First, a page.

"I liked to treat myself like a painting. I didn’t consider that people would be offended or outraged by it. It really never crossed my mind".
That's a fairly typical punkoid posture of that era - a profession of innocence combined with a feigned plea for tolerance ("we just want to dress like this, why are people so closeminded"). See also this bit, which cues off tales of her commuting from Brighton to London wearing see-through chemises that showed her breasts, psychotic spiky hair, virulent make-up (a scene of this creating consternation among British Rail passengers - mums shielding the eyes of their kids, Jordan having to be moved to a First Class compartment by the conductor - is recreated in the new Sex Pistols TV drama by Danny Boyle)
"Some of the men got rather hot under the collar, paper on the lap.... There was absolutely nowhere you could go where people wouldn’t say something. It was just too blatant for them. People up on scaffolding would shout, there’d be tourists running, trying to get photos. This is long before it all burst, taking pictures of punks and what have you."
[Note how these reactions are presented as if an unexpected byproduct of her dressing that way, hassle that she'd really rather not have gone through - rather than exactly the response actively sought and achieved with enormous effort]
As the conversation goes on, the front of "just wanted to dress this way" drops - it becomes clear that symbols are being wielded in awareness of their likely effect, the goal is to goad
"People were very offended if you wore a Cambridge Rapist T-shirt; I got a lot of trouble on the buses at that time. They didn’t like people wearing them."
[Bear in mind that "at that time" = when the Cambridge Rapist had very recently been an at-large rapist depredating on women. He wore a leather mask bearing the words 'Rapist' on it, so victims would have no doubt what was about to happen to them. Sometimes, if he couldn't break in to a house or flat, he would write 'the Rapist was here' on the window', just to sow fear and so his evening wasn't a total bust. Turning the Cambridge rapist into a "pop star" - McLaren & Westwood's provocation and act of "cultural terrorism: here - relies on exploiting the actual state of terror that women lived under]
Jordan on appearing on the TV show So It Goes
"They got my back up because they wouldn’t let me wear this swastika armband, right, there was the biggest do about it. They eventually put a piece of sticky tape over it."
On her later-phase twinset-and-pearls Thatcher look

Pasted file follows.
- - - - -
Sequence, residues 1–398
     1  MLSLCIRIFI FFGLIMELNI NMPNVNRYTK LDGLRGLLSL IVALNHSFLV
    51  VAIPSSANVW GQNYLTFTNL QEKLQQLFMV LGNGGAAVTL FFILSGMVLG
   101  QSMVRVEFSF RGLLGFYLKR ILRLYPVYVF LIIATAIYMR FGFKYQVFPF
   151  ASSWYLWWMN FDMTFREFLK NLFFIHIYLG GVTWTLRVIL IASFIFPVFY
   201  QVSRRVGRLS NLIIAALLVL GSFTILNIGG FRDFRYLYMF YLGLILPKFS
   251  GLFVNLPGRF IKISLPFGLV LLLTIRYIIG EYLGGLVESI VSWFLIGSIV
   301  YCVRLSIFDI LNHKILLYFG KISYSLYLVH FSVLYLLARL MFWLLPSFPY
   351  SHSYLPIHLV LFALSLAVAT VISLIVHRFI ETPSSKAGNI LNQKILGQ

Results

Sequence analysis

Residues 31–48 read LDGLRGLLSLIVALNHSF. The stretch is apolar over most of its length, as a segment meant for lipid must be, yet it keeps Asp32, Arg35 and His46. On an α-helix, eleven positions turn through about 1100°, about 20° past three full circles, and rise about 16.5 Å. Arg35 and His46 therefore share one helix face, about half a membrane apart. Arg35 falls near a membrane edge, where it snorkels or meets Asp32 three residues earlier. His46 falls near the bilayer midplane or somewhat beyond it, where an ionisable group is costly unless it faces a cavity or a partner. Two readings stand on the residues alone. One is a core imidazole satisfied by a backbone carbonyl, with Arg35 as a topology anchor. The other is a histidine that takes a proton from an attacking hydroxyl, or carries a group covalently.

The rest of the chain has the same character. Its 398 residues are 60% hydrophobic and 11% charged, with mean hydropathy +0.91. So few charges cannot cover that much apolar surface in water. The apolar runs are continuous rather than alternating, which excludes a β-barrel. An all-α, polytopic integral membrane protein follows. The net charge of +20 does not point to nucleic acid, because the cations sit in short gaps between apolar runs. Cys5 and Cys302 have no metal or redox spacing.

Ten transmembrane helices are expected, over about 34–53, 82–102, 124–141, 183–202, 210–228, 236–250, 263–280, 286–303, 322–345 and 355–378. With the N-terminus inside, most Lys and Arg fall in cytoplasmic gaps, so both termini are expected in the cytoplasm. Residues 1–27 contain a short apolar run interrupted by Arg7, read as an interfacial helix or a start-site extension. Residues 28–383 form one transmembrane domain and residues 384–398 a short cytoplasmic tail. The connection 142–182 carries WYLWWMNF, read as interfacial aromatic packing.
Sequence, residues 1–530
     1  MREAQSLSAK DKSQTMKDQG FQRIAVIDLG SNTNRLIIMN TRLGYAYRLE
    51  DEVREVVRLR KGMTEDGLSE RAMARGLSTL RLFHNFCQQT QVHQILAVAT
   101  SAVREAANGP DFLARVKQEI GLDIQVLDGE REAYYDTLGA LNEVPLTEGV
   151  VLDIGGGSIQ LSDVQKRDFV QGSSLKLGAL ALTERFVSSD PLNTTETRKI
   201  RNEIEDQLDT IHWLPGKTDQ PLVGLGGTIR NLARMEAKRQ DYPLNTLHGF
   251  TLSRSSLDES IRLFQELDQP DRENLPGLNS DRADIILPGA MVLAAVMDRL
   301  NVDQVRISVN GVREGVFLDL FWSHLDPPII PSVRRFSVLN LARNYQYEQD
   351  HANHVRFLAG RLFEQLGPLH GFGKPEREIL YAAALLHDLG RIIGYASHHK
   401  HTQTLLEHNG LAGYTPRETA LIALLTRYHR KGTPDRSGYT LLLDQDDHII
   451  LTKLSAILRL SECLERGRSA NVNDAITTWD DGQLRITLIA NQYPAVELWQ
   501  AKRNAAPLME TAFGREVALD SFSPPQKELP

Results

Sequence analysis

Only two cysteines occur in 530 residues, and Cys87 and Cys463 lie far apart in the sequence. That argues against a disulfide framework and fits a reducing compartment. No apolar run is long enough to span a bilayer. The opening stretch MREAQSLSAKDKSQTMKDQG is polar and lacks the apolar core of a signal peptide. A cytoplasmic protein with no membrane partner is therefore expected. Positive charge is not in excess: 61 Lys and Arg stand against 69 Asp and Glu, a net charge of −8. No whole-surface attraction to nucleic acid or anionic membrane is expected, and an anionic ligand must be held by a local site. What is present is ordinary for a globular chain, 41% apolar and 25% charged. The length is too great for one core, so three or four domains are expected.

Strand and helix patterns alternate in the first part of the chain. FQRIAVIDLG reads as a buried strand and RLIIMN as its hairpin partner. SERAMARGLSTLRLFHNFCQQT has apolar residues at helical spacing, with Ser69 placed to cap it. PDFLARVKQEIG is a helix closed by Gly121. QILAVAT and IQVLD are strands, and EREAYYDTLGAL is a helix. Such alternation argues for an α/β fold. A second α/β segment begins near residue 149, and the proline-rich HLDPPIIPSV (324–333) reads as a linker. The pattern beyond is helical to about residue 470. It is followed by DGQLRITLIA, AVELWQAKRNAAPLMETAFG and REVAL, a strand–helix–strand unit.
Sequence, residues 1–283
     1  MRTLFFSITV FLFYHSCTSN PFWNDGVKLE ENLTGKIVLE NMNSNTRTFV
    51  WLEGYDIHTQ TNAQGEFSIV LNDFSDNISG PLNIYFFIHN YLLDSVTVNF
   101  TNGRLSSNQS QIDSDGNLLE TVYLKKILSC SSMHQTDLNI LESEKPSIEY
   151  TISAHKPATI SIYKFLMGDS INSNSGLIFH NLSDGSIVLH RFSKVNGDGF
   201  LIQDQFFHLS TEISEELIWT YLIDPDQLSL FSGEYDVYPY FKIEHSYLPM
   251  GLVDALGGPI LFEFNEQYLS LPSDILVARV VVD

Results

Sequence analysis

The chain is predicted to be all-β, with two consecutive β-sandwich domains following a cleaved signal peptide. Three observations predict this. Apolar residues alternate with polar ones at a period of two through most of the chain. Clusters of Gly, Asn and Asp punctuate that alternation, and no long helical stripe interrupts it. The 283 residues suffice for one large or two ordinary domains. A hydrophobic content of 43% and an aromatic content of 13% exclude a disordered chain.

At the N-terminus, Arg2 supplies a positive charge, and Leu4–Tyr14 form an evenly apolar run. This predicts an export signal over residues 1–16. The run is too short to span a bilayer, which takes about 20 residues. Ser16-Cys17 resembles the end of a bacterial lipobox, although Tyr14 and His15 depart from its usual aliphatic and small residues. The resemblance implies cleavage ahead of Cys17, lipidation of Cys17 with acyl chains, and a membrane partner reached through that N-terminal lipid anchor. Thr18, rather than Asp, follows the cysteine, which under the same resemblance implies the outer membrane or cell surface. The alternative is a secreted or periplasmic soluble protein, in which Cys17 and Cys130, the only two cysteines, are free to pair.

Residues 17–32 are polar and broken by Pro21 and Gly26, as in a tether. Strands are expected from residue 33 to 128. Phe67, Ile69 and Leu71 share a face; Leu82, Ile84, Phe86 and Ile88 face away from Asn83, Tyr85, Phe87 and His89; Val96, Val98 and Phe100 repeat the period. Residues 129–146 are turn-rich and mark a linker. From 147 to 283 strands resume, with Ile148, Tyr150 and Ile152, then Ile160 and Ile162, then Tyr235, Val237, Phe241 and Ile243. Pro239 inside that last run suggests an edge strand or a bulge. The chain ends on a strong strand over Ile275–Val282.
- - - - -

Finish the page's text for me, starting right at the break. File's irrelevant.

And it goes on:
"People found it very perplexing. The look was very rigid, the hair was always very tightly controlled."
The opposite of a come-hither look.
"People were terrified of coming in [to the shop]. I’d heard reports from people who later became friends, that people wouldn’t go in because of me, that I wouldn’t say anything to them, I’d be horrible.... It was just my attitude. I thought I looked better than anyone else. I was very introverted, I know people thought I was an exhibitionist, but I was pretty stand-offish. Even today I don’t take pictures smiling, because I think I look better when I don’t smile. I felt powerful, and I think I looked powerful, I know I looked very intimidating. People were very worried, even the guy who eventually became my husband [Kevin Mooney of Adam and the Ants] was very worried about coming in to see me. Adam was the same. By that time I’d built this reputation for myself."
On Johnny Rotten's asexuality and her own ability to repel approaches:
"He didn’t see himself as attractive in any way, I suppose, if you were to ask him. He didn’t want the trappings of a normal person. He was John Rotten, and much the same as myself, I didn’t go out with anyone either, the image was everything, in a way.
"People were scared out of their wits of me. Absolutely.
"I never got anyone saying they’d like to take me out.... I exuded that leave me alone-ness."
The thing about the dialectic of outrage is that there's a constant pressure to up the anti, as it were - you have to go from sticking a safety pin through the Queen's nose and comparing the Royal Family to a fascist regime, to recruiting an actual fascist on the run into the Sex Pistols ("Martin Bormann", symbolically not literally, but this is all symbol play).